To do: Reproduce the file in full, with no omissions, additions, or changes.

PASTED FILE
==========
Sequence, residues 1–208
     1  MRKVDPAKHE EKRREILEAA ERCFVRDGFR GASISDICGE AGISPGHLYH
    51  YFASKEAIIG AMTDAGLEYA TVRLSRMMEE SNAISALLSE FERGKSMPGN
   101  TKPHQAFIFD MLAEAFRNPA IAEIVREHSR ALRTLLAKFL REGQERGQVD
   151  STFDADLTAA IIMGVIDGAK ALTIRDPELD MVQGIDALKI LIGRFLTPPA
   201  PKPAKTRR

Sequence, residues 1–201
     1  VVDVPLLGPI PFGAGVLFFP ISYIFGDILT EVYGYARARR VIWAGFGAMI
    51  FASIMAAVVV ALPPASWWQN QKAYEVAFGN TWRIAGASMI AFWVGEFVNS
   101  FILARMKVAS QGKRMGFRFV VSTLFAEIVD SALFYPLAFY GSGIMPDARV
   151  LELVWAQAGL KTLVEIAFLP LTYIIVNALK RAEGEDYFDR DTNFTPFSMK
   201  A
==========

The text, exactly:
Sequence, residues 1–208
     1  MRKVDPAKHE EKRREILEAA ERCFVRDGFR GASISDICGE AGISPGHLYH
    51  YFASKEAIIG AMTDAGLEYA TVRLSRMMEE SNAISALLSE FERGKSMPGN
   101  TKPHQAFIFD MLAEAFRNPA IAEIVREHSR ALRTLLAKFL REGQERGQVD
   151  STFDADLTAA IIMGVIDGAK ALTIRDPELD MVQGIDALKI LIGRFLTPPA
   201  PKPAKTRR

Sequence, residues 1–201
     1  VVDVPLLGPI PFGAGVLFFP ISYIFGDILT EVYGYARARR VIWAGFGAMI
    51  FASIMAAVVV ALPPASWWQN QKAYEVAFGN TWRIAGASMI AFWVGEFVNS
   101  FILARMKVAS QGKRMGFRFV VSTLFAEIVD SALFYPLAFY GSGIMPDARV
   151  LELVWAQAGL KTLVEIAFLP LTYIIVNALK RAEGEDYFDR DTNFTPFSMK
   201  A